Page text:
Colossians 3:13 is used quite a bit to encourage believers to forgive people who have wronged them, and rightly so. I mean, just read it:
"Bear with each other and forgive one another if any of you has a grievance against someone. Forgive as the Lord forgave you."
Nice and simple in the New International Version, right? You should forgive others because, after all, God forgave you.
That's the way it's always been taught to me, but just yesterday I started really thinking about that last phrase: "...as the Lord forgave you."
Paul didn't say "because the Lord forgave you." He said "as." As in, "Forgive in the same way the Lord forgave you."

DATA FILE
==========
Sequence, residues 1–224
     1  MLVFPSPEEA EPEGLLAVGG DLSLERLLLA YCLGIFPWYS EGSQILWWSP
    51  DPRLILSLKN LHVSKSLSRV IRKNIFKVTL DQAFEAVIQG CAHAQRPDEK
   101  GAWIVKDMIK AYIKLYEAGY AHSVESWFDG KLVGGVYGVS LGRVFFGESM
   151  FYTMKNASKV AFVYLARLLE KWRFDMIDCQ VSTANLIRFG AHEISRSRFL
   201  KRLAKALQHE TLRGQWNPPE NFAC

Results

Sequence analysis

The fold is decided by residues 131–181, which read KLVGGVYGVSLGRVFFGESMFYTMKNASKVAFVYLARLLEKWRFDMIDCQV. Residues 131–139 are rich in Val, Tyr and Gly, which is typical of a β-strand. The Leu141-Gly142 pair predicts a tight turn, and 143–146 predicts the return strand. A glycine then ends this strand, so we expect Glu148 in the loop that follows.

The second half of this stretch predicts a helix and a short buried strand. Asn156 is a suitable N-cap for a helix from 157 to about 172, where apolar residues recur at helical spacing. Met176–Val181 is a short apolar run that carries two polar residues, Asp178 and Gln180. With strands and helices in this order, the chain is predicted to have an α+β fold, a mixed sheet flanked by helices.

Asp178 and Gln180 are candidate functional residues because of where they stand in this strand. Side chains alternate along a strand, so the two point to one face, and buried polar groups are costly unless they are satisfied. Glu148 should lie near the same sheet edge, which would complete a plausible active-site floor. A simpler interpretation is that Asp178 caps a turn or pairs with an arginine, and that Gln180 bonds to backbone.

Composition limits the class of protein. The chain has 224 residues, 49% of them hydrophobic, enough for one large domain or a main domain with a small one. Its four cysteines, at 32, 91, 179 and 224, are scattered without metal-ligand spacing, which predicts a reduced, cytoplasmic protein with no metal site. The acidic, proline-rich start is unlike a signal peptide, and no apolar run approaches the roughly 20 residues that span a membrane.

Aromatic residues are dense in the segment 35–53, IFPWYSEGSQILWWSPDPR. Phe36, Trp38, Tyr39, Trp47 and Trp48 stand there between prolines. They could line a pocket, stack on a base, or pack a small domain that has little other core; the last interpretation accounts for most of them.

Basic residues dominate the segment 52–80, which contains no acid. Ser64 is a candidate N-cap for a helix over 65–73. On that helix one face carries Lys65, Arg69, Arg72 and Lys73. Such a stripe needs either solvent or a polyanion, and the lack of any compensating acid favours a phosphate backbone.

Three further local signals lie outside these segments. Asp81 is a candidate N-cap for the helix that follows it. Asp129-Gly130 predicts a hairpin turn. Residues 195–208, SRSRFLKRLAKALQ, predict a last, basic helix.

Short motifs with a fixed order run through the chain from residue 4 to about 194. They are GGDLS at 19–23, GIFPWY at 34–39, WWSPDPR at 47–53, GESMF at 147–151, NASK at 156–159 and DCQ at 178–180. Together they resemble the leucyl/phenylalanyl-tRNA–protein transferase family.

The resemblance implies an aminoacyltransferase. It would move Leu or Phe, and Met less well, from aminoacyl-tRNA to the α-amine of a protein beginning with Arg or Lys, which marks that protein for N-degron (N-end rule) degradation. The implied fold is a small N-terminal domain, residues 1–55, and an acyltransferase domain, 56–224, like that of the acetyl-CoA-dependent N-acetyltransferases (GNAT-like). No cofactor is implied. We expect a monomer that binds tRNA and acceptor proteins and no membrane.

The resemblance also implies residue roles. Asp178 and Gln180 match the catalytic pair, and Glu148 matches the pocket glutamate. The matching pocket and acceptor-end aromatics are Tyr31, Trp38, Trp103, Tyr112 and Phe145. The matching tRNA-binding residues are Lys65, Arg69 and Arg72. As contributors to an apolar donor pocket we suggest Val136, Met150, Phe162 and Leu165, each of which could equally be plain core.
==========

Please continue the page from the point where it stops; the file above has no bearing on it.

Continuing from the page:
My standard flesh-out-the-meaning translation, the Amplified Bible, says it like this: "just as the Lord has forgiven you, so should you forgive."
And then it struck me.
Think of what God did in order to forgive you! Yahweh doesn't just flippantly override His perfect justice and say, "Don't worry about all the wrong you've done. I've decided it doesn't matter."
In order to satisfy justice and yet offer us forgiveness, the God of all creation made the greatest sacrifice of all. "Greater love has no one than this: to lay down one's life for one's friends." (John 15:13 NIV)
It cost Jesus His very life to be able to forgive us. Why would we expect to be able to forgive others without it costing us something? For example, when I've forgiven someone, I've promised to never bring the matter up again...and that's a hard promise to keep. How many times have I wanted to say, "But what about the time I forgave you for...?!!?"
Truth is...forgiveness has never been easy, but for any kind of relationship to work, or just to be able to walk through life without the burden of keeping a grudge intact, it's absolutely necessary.